Aesthetics and cuisine have always shared a rich and varied history. The etymology of the French word cuisine reveals the verb cuire, the act of cooking or transforming raw food into cooked food. There is little room for the concept of beauty here. This is still very much the case with home cooking today. Everyday meals such as shepherd’s pie, beef stew or Neapolitan pizza, spaghetti or risotto, may taste good without necessarily attempting to appease the eye. Everyday cooking does not focus on appearance. So much the better, as it concentrates entirely on taste and the pleasure we get from a well-cooked and well-seasoned dish.
Eat with your eyes!
Gourmet cuisine on the other hand, soon highlighted the visual impact of a dish as a measure of excellence. From the late eighteenth century, French pastry chef Antonin Carême conjured up decorative sculptures of sweetmeats. Closer to our times, French nouvelle cuisine opted for beauty in simplicity, whereby dishes remained true to the nature of their ingredients. The visual culture of today’s social media values presentation in contemporary cuisine. Photographs of dishes can spread around the world in mere seconds, thus stimulating their purely visual consumption. Foodies may be smitten with global trends in food and cooking, yet they often relish a photo far more than the dish itself.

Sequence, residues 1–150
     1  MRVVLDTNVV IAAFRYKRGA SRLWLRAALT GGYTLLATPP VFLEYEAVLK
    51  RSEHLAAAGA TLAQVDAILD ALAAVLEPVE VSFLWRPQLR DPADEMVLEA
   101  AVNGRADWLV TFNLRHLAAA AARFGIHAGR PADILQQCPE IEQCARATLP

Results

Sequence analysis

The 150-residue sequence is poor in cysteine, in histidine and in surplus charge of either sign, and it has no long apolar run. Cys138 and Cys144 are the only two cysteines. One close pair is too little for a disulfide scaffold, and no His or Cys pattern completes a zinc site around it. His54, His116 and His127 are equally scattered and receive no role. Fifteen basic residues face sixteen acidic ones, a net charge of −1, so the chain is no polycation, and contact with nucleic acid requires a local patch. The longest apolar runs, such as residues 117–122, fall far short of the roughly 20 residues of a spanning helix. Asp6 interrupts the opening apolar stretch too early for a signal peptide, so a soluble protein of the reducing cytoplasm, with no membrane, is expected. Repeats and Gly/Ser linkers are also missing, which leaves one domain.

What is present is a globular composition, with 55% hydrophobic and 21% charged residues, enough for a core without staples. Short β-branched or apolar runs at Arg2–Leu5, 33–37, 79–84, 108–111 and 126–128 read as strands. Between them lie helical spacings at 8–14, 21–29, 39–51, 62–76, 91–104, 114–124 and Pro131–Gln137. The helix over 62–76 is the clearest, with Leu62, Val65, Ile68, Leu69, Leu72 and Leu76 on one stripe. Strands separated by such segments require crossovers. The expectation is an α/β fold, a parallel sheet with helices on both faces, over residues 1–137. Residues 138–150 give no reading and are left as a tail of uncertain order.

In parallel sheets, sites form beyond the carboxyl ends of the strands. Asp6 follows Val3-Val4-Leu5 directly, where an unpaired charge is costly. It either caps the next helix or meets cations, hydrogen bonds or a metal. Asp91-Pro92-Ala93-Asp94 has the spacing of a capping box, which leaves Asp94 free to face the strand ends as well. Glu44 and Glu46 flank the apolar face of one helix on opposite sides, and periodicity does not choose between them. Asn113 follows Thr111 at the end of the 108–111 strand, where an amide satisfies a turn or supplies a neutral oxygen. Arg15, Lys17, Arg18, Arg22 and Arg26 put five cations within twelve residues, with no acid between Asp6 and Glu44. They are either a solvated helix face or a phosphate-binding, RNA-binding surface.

Chefs focus on beauty
A group of Belgians proved so enthusiastic about this tendency that in early 2014 they devised a camera specifically for chefs to take quick pictures of their latest dishes. Only months later, a series of some photographs from the database of APIC (a Belgian company) provides a snapshot of trends in contemporary cuisine. An emphasis that then begs the question, is beauty the enemy of good and tasty?